The problem isn’t so much the demon compounds, which are everywhere. The problem is the remarkable accuracy of some new types of analysis equipment. At what point, and under what circumstances, does the law define a background level of contamination when something like a single microbe can be detected in a cubic meter of air using an electronic biochip?

    Prohibitionists and their drugged driving pogrom will crash into a wall if it’s determined false positives are being used to legally disenfranchise people, or perhaps even send them to jail. Those who promote the drugged driving crackdown will never admit to any of its flaws. That job will of course be left to law critics and reformers.

  12. Chris says:

    The court has just established that if you’re going to do illicit drugs at all, then there’s absolutely no legal incentive to avoid using drugs right before driving.

    This is the part that always got me. It’s on the same level as knowing injection drug users are using dirty needles and not doing anything about it. And if drugged driving really is the non-issue that we see today (when we can expect people to use drugs and then drive) is it really going to be that bad when it’s legal?

  13. Anonymous says:

    Always a great read, despite the tragic irony of its outcome…

    “…then there’s absolutely no legal incentive to avoid using drugs right before driving.” → Yes! While I believe in the idea that we should be free from government interference with our private choices, I do consent to certain regulations meant to provide incentive to the population. Bad example: extra taxes on my cigarettes tend to frustrate me, but the sin tax emphasizes the incentive of quitting smoking. It maybe seems too consequentialist to a lot of those who oppose all/most government influence on private choices, but I’d like to think that society has more to benefit than to lose by having that sin tax.

    Compromises to ideology and black-and-white thinking is something I admire in the drug policy debate. Revealing to others how drug policy is more than the choice between status quo and drug-crazed chaos is something that I find very rewarding. The problem is that those in power (in all three branches of gov’t, as we can see), when given the chance to alter policy, always choose deontology over rational thought.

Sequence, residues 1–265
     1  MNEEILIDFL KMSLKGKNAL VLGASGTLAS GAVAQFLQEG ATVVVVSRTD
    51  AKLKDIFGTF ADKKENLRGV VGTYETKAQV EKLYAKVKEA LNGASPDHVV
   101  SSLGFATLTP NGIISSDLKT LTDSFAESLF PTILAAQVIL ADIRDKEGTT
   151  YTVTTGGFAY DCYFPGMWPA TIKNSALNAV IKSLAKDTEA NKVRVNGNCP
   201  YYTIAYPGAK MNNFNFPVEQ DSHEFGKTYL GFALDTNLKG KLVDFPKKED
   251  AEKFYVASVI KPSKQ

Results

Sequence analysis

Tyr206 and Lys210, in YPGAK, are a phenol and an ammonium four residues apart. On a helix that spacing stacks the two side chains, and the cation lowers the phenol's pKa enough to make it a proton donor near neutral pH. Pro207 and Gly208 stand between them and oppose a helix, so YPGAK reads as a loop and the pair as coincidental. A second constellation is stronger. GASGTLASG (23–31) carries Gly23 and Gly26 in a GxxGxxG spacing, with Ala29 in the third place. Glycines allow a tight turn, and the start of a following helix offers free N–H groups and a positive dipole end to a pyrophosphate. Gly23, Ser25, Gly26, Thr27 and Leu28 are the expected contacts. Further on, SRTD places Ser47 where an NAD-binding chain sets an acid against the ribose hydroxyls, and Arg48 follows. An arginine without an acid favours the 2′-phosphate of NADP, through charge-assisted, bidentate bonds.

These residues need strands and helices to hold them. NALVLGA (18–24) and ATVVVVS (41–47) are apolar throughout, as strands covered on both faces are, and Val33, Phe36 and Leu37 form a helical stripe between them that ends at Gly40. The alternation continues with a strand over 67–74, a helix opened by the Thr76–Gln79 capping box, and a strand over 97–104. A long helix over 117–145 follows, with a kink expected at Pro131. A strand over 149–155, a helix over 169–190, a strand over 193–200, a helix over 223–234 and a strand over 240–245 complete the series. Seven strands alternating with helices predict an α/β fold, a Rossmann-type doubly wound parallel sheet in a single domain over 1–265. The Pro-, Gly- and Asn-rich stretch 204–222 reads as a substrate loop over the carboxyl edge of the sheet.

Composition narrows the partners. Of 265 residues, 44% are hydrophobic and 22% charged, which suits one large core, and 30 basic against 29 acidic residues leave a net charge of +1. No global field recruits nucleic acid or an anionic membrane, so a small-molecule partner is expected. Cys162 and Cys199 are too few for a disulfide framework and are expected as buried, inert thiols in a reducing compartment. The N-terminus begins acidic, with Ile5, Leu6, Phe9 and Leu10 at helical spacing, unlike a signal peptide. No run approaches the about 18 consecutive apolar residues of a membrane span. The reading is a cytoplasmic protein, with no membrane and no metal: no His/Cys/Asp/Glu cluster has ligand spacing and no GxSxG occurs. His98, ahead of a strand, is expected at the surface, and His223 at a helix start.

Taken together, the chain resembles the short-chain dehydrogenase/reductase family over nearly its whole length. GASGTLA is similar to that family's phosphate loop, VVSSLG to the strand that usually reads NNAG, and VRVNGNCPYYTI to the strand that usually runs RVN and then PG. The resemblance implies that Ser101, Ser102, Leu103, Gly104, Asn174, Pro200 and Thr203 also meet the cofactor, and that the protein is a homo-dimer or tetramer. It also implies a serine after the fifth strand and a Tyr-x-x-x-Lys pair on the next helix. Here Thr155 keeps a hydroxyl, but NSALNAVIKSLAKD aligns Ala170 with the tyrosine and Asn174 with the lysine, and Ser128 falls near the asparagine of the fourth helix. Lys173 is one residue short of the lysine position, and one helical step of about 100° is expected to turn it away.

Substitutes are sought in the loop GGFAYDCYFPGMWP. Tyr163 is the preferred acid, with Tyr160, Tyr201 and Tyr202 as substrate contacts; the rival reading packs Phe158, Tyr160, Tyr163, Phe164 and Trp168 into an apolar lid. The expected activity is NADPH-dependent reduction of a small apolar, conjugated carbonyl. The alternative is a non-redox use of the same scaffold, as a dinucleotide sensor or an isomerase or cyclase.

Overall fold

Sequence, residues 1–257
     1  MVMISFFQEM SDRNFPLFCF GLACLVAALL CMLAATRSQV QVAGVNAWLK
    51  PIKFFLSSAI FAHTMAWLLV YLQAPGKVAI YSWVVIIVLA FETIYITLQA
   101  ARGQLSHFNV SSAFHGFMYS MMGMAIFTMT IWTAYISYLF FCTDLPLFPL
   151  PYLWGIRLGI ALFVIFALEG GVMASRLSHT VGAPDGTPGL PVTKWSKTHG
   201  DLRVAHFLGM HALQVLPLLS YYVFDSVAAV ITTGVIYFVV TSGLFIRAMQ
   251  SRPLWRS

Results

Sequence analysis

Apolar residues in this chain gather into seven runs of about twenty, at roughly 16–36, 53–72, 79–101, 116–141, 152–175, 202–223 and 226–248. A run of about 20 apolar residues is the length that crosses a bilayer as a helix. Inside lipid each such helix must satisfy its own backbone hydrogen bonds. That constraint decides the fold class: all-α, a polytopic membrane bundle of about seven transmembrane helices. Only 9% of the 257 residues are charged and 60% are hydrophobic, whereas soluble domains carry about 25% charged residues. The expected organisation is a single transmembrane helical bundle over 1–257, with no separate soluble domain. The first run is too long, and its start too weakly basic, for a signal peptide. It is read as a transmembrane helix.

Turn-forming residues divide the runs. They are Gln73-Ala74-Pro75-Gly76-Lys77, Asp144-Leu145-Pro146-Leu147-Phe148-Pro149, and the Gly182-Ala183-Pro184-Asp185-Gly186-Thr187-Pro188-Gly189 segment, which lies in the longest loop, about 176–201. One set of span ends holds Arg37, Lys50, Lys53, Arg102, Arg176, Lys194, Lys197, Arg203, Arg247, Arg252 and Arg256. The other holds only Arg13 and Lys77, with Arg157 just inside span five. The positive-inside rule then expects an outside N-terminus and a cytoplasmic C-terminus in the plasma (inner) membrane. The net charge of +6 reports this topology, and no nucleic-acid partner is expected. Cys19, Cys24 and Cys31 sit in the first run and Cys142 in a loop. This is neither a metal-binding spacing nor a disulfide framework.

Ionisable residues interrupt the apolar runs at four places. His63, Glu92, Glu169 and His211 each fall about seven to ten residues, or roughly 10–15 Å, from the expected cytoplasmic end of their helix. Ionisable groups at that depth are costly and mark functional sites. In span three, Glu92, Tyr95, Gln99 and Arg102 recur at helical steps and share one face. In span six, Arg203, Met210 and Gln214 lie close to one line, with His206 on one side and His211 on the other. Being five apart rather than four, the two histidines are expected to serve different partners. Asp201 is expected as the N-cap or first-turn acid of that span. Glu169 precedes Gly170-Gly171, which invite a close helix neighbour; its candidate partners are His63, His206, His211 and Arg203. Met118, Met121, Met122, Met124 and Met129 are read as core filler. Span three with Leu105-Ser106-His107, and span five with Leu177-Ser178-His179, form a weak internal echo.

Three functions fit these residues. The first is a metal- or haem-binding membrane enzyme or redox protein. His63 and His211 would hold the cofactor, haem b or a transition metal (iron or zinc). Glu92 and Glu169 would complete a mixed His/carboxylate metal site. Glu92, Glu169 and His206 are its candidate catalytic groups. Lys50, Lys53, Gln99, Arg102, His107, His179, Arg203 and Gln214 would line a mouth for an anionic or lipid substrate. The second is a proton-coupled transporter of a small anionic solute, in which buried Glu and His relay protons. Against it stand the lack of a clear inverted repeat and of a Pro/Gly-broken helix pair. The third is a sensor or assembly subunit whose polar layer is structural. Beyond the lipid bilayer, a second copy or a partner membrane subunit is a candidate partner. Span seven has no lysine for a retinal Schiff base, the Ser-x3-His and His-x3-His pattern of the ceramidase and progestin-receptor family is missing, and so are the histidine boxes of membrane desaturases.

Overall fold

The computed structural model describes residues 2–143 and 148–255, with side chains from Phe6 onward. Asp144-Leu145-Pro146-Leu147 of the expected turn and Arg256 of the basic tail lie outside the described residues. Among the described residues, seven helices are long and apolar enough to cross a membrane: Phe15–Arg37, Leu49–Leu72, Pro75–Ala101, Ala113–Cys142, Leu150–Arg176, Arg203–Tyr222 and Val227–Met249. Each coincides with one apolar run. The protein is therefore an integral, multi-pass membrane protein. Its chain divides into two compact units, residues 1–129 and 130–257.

A metaphor I use when discussing drug testing: Sports, like American football or boxing, can be dangerous. If played excessively, sports can cause damage to those that choose to practice them. A person coming out of the ring after a boxing match will probably not be impaired enough not to drive properly, but it is very likely that the chance of getting into an accident is higher for those who suffer from the negative side effects of playing too much sports (i.e. fatigue, cramps, brain damage). Due to the higher risk of accident in extreme athletes, (a) Should police officers test drivers for past athletic activity? (b) Would we be able distinguish a driver whose performance was affected by sports versus one who exercised briefly before driving? (c) Would it be coherent with our political values to allow athletes to be discriminated against? (d) Would enforcing a policy with such discrimination benefit society how it was meant to?

    What I’m getting at is the obvious fact that taking the rights of the masses for the excesses of the few does not fit with the American tradition of freedom… except in the case of drugs (and arguably the War on Terror). Using this metaphor allows me to point out the flaws in the idea/philosophy of policy while removing the drug factor, which triggers this automatic opposition through the regurgitation of slippery slopes and lies. On another note it’s also just as relevant to use on the topic of drug testing for work purposes, in which case “increased risk of accident” can be replaced with “decreased productivity”.

    Anyways, just my rambling two cents.

  14. This is not my America says: